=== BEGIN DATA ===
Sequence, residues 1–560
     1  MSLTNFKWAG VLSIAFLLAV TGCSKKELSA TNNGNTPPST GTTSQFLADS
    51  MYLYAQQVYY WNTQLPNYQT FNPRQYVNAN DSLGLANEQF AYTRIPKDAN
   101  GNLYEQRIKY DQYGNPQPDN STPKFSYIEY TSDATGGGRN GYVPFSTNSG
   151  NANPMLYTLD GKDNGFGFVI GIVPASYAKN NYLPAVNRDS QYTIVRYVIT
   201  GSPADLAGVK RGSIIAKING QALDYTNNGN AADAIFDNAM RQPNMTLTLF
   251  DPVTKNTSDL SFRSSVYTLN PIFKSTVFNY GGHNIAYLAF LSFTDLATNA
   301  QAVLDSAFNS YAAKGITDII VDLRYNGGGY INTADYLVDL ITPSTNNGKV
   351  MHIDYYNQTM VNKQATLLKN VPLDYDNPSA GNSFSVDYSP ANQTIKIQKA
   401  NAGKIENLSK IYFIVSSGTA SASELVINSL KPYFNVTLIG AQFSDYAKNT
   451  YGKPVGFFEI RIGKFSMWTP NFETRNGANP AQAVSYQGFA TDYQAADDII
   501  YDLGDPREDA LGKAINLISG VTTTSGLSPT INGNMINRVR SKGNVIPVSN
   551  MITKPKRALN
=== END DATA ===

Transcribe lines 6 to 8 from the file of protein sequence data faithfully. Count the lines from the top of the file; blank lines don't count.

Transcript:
   201  GSPADLAGVK RGSIIAKING QALDYTNNGN AADAIFDNAM RQPNMTLTLF
   251  DPVTKNTSDL SFRSSVYTLN PIFKSTVFNY GGHNIAYLAF LSFTDLATNA
   301  QAVLDSAFNS YAAKGITDII VDLRYNGGGY INTADYLVDL ITPSTNNGKV